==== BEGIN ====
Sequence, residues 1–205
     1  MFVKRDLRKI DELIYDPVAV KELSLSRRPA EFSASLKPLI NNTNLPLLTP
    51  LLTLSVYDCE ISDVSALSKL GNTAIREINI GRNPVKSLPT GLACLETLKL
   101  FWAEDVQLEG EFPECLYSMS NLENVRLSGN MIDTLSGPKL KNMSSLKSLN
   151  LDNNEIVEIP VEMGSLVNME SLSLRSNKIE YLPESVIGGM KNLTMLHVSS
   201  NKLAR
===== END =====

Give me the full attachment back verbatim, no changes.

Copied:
Sequence, residues 1–205
     1  MFVKRDLRKI DELIYDPVAV KELSLSRRPA EFSASLKPLI NNTNLPLLTP
    51  LLTLSVYDCE ISDVSALSKL GNTAIREINI GRNPVKSLPT GLACLETLKL
   101  FWAEDVQLEG EFPECLYSMS NLENVRLSGN MIDTLSGPKL KNMSSLKSLN
   151  LDNNEIVEIP VEMGSLVNME SLSLRSNKIE YLPESVIGGM KNLTMLHVSS
   201  NKLAR